There is a growing demand for energy usage in the world, primarily due to increasing economic activity. This need can be met by pursuing increased power generation. However the impact of emissions from power generation sources on the health of human beings and environmental continues to be a major concern. In order to maintain and enhance environmental quality there is a need for the development of clean energy products. A diesel aftertreatment device was developed at RIT to reduce particulate matter (PM) in the emissions of generators and diesel engines by using the combination of non-thermal plasma oxidation and emission catalyst technologies. The non-thermal plasma (corona discharge) created by a high voltage electrode produces ionized gas or plasma in the charging section of the device. Simultaneously gas atoms are excited, producing highly reactive O, OH, and NO2 radicals. These radicals oxidize PM to gaseous products including CO, and CO2. The device has a low pressure drop compared with other diesel aftertreatment devices since it selfregenerates and there is no accumulation of PM in the system. The scope of this thesis is to develop a numerical model to simulate the performance of this diesel aftertreatment device. The model calculates the diesel exhaust conditions, plasma generation condition, electric field, power consumption, particulate collection, and particle removal. The model results agree with the experimental data, which proves that the model can be used for system performance prediction. Based on keeping the same PM removal efficiency and back pressure effects on diesel engine, a method was developed for system scale-up or scale-down.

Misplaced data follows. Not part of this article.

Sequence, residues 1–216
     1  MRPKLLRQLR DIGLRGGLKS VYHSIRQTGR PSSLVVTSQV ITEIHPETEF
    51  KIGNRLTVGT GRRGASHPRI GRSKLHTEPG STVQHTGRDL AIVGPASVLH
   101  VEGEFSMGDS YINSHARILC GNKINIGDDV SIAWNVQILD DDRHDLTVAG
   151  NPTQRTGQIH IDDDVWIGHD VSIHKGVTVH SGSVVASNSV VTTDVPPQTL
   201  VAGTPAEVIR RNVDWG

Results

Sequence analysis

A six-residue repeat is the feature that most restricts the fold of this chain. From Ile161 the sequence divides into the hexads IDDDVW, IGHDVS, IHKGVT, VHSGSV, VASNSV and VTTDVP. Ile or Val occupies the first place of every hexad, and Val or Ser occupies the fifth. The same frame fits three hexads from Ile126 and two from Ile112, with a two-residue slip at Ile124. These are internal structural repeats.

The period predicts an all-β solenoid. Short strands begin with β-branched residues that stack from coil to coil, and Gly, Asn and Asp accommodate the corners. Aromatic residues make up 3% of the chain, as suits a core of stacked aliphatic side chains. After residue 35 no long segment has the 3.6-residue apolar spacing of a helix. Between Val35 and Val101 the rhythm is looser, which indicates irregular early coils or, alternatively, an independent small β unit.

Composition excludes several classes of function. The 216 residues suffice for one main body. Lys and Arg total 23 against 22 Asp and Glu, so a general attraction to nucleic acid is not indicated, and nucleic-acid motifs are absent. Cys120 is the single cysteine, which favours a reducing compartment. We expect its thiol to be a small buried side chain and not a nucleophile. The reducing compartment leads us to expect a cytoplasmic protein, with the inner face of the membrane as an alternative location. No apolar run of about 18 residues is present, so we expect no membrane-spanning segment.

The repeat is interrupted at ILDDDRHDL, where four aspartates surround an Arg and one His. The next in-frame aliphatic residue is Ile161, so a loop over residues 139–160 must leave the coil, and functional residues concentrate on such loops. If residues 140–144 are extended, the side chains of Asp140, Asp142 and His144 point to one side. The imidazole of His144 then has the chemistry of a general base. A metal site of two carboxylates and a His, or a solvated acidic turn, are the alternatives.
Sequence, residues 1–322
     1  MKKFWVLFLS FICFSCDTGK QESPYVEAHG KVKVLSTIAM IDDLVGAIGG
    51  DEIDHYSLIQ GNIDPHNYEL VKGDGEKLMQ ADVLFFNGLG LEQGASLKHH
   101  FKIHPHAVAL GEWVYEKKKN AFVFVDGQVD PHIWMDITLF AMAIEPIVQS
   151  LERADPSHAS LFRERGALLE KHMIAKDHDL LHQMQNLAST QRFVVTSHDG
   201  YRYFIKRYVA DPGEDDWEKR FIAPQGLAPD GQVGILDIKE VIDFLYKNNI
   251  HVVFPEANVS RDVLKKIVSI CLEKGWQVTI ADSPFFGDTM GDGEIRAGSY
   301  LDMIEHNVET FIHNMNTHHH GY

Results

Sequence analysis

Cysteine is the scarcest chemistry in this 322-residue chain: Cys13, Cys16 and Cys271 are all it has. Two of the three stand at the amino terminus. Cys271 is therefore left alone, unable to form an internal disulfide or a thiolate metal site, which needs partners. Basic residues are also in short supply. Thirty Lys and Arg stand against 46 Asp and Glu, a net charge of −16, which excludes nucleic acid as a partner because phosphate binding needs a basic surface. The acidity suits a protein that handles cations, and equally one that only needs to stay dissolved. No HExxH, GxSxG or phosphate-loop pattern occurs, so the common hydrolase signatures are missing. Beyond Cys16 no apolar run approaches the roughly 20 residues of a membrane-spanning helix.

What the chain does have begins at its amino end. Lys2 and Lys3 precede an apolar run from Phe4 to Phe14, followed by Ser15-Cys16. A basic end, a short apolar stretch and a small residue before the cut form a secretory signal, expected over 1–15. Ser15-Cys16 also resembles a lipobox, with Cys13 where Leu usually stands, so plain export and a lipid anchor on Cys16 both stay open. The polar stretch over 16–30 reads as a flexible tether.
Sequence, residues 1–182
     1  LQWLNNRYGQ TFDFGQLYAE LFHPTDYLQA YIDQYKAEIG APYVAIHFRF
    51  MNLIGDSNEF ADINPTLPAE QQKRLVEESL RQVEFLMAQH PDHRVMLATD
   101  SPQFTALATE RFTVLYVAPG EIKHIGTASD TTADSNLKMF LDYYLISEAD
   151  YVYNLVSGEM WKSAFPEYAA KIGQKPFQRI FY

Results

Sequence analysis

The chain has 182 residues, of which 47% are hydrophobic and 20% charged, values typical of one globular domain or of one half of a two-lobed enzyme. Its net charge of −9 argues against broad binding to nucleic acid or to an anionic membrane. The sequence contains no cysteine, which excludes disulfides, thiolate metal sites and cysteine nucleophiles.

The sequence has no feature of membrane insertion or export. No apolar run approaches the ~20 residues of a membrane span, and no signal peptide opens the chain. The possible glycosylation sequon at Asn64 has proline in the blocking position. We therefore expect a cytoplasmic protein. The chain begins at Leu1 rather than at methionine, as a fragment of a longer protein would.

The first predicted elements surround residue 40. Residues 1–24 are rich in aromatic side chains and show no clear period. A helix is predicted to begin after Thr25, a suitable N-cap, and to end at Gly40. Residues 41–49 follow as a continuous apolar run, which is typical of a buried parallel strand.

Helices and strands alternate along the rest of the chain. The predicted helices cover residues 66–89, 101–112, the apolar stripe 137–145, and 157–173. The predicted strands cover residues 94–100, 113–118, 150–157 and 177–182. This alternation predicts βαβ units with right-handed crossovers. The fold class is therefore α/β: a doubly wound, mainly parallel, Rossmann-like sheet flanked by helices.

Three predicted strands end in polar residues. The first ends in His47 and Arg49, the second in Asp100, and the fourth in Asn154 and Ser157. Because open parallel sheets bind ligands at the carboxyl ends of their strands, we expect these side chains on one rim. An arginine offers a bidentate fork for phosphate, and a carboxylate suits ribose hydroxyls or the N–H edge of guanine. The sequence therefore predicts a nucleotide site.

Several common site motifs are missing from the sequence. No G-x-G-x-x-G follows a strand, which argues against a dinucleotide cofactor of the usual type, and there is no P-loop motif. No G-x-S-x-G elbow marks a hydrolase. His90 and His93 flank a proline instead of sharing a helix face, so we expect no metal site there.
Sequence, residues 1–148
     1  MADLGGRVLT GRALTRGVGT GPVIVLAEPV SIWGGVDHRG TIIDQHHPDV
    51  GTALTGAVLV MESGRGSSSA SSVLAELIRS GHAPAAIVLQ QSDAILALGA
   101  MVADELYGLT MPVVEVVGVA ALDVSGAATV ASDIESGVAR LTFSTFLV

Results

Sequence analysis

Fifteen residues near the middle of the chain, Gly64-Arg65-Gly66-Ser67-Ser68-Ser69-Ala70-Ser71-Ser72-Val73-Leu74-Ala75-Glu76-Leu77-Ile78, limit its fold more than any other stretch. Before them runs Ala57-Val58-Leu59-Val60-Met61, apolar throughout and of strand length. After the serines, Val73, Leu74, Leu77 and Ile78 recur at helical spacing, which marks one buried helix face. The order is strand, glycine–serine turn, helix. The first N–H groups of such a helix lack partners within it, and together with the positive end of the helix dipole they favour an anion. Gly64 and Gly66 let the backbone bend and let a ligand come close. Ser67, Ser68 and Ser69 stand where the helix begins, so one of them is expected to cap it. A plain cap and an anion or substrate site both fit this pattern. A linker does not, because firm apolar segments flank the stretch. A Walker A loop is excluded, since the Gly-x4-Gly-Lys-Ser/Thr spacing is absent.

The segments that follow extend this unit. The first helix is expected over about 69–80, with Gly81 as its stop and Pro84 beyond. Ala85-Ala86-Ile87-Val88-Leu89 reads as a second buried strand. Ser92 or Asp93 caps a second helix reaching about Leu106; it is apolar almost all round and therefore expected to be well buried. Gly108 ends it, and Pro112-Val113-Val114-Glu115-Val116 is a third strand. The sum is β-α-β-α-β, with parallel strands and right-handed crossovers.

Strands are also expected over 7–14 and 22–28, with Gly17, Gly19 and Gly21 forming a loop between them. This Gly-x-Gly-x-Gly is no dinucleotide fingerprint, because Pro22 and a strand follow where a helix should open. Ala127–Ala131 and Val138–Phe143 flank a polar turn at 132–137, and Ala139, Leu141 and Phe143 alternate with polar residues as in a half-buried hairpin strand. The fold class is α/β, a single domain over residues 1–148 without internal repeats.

Library of Congress Subject Headings
Diesel motor exhaust gas--Measurement; Diesel motor exhaust gas--Environmental aspects; Automobiles--Pollution control devices; Motor vehicles--Pollution control devices; Atmospheric electricity--Industrial applications; Atmospheric electricity--Environme
Department, Program, or Center
Mechanical Engineering (KGCOE)
Chen, Cheng, "Modeling of diesel particulate emissions aftertreatment system using non-thermal plasma" (2005). Thesis. Rochester Institute of Technology. Accessed from
RIT – Main Campus